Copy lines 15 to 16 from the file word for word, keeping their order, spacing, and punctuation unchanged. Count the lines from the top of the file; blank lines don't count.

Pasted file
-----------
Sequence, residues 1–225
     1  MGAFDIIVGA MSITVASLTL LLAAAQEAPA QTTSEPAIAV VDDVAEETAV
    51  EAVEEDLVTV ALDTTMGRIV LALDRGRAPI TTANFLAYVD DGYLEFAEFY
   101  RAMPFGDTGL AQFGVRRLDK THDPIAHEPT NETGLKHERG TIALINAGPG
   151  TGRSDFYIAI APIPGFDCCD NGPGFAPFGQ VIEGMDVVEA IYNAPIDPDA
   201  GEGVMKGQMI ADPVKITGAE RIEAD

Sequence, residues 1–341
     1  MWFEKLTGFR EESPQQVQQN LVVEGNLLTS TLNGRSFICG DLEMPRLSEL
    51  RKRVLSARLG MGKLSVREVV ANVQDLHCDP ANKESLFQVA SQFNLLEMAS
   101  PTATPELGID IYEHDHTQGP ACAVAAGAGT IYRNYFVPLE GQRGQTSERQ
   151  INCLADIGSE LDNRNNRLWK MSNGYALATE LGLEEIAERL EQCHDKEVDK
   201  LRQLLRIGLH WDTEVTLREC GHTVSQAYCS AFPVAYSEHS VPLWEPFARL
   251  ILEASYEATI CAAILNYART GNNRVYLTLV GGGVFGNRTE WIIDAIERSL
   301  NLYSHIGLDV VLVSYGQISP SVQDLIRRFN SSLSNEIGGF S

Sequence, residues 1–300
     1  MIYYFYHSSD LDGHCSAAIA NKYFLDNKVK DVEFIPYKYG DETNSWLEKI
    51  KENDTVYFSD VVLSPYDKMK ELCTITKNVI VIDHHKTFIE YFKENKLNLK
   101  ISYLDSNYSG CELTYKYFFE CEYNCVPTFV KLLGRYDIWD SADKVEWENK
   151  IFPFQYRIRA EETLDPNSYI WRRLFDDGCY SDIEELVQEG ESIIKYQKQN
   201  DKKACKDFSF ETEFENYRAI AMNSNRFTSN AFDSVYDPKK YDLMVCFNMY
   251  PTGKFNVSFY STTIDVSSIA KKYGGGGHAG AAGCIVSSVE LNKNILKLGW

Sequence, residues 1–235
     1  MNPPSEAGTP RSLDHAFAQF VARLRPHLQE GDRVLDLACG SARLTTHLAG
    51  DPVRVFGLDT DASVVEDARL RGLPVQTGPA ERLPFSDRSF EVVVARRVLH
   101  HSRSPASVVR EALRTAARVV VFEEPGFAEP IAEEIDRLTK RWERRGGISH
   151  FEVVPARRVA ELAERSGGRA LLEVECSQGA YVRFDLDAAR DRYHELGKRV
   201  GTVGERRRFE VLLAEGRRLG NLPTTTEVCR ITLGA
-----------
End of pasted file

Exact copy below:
Sequence, residues 1–300
     1  MIYYFYHSSD LDGHCSAAIA NKYFLDNKVK DVEFIPYKYG DETNSWLEKI